Some interesting commentary out this morning from the IEA, in its latest survey of the oil market, pertaining to the situation in Alaska:
This summer saw crude volumes through the TransAlaska Pipeline System (TAPS) fall to a record low below 600 kb/d, leading to worries about its economic and technical sustainability. The pipeline, which takes output from the giant Prudhoe Bay oil field on Alaska’s North Slope to the Valdez export terminal in the south of the state, used to pump as much as 2 mb/d at its peak 20 years ago. Besides economics, the fear is that even lower volumes could lead to more frequent and damaging outages – a major issue for oil companies lacking alternative export routes.
Alaskan authorities are mulling technical solutions – fewer pumping stations is one suggestion. But another answer would lie in increasing Alaskan output. September data put North Slope crude production at 650 kb/d and falling – output was over 1 mb/d in 1999 and at around 2 mb/d 10 years earlier. But long‐standing hopes to produce more crude in northern Alaska depend on changes to legislation. Three large areas in Alaska lie unexplored and undeveloped – the National Petroleum Reserve in Alaska (NPR‐A), reserved for the US Navy’s use since 1923, the Arctic National Wildlife Refuge (ANWR) and federal waters offshore the north coast. All have been surveyed to some extent, generating estimates of billions of barrels of recoverable crude. Another boost for the pipeline could be natural gas liquids (NGL) from new gas fields being developed – e.g. Exxon’s Point Thompson, though this will likely only start producing in 2014, and overall NGL volumes are unlikely to compensate for declining crude output.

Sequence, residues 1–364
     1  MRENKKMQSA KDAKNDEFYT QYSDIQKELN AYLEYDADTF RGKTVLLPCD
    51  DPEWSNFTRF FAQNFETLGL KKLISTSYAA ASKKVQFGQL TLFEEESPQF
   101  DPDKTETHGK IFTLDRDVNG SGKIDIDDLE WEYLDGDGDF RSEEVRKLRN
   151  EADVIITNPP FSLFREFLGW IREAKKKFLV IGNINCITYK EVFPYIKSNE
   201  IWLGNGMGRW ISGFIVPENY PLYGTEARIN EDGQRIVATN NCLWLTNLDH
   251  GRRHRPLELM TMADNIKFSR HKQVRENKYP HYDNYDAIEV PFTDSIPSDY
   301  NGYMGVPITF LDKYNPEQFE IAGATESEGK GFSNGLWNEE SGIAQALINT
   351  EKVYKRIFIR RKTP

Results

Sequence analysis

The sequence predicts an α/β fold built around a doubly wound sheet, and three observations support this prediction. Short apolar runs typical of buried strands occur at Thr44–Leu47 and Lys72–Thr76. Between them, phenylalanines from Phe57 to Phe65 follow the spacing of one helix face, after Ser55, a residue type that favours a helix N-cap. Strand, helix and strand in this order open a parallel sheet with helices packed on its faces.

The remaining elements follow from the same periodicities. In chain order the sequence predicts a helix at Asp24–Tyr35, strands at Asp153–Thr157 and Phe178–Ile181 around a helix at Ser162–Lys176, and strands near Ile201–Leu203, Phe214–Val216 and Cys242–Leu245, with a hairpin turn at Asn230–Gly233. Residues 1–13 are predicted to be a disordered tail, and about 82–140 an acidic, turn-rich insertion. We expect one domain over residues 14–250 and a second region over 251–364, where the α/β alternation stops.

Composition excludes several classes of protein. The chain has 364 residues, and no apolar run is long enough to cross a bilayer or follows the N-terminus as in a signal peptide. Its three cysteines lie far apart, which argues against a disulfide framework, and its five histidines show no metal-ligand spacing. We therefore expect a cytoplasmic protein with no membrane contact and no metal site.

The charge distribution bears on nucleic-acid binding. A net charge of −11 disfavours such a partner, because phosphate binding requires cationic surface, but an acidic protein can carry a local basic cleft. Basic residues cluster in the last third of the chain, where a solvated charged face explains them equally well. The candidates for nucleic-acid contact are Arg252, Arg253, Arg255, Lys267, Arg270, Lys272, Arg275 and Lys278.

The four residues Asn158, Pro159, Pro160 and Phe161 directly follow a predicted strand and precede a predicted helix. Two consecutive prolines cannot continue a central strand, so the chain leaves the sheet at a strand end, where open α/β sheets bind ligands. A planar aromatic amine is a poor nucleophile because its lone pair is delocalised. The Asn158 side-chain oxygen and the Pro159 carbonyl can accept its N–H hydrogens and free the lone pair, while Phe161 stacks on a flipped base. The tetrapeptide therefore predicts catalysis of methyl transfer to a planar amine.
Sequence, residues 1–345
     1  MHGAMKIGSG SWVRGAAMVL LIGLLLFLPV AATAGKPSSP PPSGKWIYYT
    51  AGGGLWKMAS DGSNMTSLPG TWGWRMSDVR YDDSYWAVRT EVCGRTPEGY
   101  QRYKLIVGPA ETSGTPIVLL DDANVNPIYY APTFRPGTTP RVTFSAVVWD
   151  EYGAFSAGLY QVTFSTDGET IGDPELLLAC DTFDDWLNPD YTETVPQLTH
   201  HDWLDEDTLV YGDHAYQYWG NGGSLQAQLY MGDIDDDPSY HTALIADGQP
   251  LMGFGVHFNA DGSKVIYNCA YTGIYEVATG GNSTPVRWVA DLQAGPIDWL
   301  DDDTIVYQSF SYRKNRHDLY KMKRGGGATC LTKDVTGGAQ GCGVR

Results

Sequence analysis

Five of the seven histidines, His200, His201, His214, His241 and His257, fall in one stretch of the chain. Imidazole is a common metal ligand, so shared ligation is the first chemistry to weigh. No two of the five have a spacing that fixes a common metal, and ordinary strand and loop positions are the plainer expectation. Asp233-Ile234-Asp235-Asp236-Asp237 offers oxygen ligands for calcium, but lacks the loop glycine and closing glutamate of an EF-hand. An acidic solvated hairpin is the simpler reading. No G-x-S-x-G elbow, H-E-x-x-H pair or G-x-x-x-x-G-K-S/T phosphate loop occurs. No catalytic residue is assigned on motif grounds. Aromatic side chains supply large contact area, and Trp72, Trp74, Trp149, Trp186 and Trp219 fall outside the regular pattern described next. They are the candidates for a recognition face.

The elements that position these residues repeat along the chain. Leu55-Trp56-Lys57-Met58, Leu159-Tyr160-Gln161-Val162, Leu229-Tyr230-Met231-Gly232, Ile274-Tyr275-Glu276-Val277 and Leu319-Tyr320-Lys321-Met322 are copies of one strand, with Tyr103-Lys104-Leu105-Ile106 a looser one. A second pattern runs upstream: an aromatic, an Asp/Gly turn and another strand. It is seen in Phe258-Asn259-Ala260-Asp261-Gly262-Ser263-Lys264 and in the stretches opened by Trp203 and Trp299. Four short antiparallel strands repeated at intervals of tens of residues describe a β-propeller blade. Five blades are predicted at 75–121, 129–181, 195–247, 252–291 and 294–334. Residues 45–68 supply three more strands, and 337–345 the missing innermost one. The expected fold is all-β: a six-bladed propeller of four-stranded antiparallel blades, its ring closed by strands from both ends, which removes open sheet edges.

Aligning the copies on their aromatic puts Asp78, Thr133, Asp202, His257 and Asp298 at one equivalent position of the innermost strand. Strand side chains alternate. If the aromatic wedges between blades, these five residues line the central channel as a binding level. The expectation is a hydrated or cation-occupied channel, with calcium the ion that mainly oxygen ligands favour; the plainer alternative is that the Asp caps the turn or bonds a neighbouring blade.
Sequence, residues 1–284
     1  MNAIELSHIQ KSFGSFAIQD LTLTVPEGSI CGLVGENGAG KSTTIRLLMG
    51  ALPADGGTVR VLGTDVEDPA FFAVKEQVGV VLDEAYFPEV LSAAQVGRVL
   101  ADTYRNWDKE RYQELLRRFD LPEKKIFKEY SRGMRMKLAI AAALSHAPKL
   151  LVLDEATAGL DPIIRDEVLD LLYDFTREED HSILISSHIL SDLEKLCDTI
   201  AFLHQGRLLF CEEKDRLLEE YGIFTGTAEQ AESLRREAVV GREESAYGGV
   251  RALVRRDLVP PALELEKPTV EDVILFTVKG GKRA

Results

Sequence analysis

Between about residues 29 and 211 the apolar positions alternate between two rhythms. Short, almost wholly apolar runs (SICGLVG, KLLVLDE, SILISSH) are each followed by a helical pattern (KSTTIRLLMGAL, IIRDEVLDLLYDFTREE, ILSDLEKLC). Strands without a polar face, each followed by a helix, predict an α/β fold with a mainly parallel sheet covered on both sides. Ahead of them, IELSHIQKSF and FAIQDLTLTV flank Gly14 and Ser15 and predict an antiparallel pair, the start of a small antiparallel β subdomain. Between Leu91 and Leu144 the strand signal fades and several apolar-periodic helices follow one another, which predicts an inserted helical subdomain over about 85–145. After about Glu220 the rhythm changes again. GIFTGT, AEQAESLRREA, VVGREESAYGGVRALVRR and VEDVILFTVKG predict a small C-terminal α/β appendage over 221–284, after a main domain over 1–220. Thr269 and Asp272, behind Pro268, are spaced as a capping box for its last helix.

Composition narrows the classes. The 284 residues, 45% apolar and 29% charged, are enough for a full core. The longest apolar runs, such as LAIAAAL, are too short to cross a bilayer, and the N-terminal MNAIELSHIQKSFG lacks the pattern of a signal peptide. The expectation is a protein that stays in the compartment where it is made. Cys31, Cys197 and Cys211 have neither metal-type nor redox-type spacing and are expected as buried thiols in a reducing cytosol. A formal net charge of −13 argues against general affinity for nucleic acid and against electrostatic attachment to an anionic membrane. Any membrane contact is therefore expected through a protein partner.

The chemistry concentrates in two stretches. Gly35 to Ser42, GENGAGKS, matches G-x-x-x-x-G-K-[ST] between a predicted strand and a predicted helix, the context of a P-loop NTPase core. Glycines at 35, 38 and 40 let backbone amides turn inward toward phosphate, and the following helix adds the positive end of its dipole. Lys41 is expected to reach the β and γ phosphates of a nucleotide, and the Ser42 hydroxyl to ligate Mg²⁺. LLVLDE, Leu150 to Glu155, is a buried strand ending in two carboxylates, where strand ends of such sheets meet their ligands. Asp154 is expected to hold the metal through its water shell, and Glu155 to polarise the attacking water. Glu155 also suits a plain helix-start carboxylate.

The previous federal administration chose to loosen restrictions on the development of Alaskan Arctic
waters, as well as the Outer Continental Shelf (OCS) – both long out of bounds for oil producers due to
environmental concerns. In principle the Obama administration favours opening up these areas – the US
Department of the Interior estimates that around 85 billion barrels of oil and 12 trillion cubic metres of gas
are yet to be discovered there – but the debate on this issue is highly polarised. For instance, a US court
recently cancelled, on environmental grounds, some licences for blocks offshore Alaska which had been
awarded under the Bush administration.
Lower Alaskan crude output has implications beyond state boundaries. Californian refiners, which have long relied on Alaskan crude to top up declining local output, are having to search further afield. Crude from Latin American producers used to flow north to the Golden State. But competition from East Asia, notably China, is drawing some of this output across the Pacific. One change in oil flows to result from this is the reversal of the Panama Canal pipeline. Originally built to accommodate Alaskan crude heading to the US Gulf of Mexico refining cluster, it was recently converted to bring Atlantic Basin or even more remote crude to the Pacific, including California. First shipments of Colombian crude were pumped in August.
A likely option in the face of declining Alaskan production will be to hike crude imports from Canada. This
northern neighbour has overtaken competitors Saudi Arabia and Mexico in recent years to become the US’s largest source of crude oil, benefiting on proximity and energy security grounds as production has increased. US Midwestern refineries have long taken heavy sour Canadian crude, and pipelines to bring the crude all the way to the US Gulf are under construction. From 2010, Enbridge’s Alberta Clipper pipeline, which will run 1,600 km from Hardisty, Alberta to Superior, Wisconsin, will add 450 kb/d of Canadian crude, later to be expanded to 800 kb/d. With some other changes to the US pipeline network, these barrels will eventually be able to flow south to the US Gulf Coast. Freight and refining economics permitting, some of these may even make it to California.
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